The BC Community Road Safety Toolkit, detailing some of the most effective and innovative road design ideas from jurisdictions worldwide, is now available on RoadSafetyBC’s website at: http://www2.gov.bc.ca/gov/content?id=F18FE7304DB74D029366BB1F47B597EB
The toolkit will support municipalities as they consider making infrastructure or other road safety-related changes, with a resource that shows proven concepts from other jurisdictions. Examples include raised crossings, off-street pedestrian and bicycle paths, safe parking lot designs and pedestrian scrambles, which are intersections where traffic in all directions stops to allow pedestrians to cross the intersection in any direction at one time.
The first module focuses on safety measures that primarily benefit the most vulnerable road users, such as pedestrians and cyclists. Vulnerable road user fatalities represent more than a quarter of all motor vehicle-related fatalities in B.C. In October, 10 pedestrians died following a motor vehicle-related incident – more than double the average number of pedestrian fatalities in October over the past six years. Additional modules will focus on road safety designs that benefit all road users and recommendations on how local governments can implement these concepts.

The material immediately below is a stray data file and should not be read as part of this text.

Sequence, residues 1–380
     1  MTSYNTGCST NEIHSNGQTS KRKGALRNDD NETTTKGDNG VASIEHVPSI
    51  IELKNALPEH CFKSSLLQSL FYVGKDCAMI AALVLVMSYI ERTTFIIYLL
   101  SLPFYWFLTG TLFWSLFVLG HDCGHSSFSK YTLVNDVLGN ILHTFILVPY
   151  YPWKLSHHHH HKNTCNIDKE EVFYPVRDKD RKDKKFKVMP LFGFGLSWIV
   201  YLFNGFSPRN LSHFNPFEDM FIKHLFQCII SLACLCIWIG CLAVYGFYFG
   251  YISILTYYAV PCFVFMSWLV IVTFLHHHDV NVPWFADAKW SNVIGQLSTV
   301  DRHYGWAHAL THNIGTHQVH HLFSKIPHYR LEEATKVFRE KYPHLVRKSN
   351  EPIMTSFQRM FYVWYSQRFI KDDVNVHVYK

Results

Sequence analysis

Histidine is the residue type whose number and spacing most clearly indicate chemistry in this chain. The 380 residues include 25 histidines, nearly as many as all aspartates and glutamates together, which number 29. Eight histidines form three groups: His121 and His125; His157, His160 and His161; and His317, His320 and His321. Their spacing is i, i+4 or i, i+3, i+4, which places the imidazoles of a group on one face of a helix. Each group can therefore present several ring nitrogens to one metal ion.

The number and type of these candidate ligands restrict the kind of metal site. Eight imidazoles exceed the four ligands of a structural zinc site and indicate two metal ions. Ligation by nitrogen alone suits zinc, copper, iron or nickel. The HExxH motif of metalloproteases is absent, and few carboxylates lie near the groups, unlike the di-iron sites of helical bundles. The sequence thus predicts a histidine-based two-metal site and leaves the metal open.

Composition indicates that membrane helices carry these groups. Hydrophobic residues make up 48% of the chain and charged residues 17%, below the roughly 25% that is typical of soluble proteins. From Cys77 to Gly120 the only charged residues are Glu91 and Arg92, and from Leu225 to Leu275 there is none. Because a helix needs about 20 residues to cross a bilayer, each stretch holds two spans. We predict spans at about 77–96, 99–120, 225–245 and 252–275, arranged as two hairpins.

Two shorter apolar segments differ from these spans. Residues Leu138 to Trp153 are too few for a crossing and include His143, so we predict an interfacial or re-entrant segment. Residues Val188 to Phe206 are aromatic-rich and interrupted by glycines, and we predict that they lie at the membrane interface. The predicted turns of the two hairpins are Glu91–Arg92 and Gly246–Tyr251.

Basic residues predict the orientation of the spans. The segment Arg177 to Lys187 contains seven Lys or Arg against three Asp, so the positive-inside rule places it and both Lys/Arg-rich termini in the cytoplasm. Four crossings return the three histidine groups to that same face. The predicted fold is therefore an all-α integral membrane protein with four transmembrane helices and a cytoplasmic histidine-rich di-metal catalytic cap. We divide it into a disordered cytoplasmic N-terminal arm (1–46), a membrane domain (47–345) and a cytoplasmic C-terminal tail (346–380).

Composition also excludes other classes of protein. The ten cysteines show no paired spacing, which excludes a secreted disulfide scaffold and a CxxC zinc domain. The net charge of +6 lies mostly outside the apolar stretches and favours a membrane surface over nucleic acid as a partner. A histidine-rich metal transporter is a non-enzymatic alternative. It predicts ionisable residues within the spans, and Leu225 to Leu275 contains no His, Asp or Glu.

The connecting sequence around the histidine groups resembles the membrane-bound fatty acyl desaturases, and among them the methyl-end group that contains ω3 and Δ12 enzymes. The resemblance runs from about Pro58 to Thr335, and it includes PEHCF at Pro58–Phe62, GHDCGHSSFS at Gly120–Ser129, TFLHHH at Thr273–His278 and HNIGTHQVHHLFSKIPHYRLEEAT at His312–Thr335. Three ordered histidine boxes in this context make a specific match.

The toolkit was developed through RoadSafetyBC by the Road Safety Strategy Safe Roads and Communities Working Committee, which includes representatives from local governments, academia, the private sector, ICBC, the Ministry of Transportation and Infrastructure and the Ministry of Health.
- In 2015, there were 293 fatalities on B.C.’s roads, including 63 pedestrians and 10 cyclists.
- One in five people killed in car crashes in B.C are pedestrians and most crashes involving pedestrians happen at intersections.
- Top contributing factors to pedestrian crashes are driver distraction and inattention, driver fail to yield right-of-way, and weather.
- About 1.2 million people die in motor vehicle-related crashes worldwide every year.
- ICBC statistics indicate there are more than 3.1 million vehicles registered in B.C.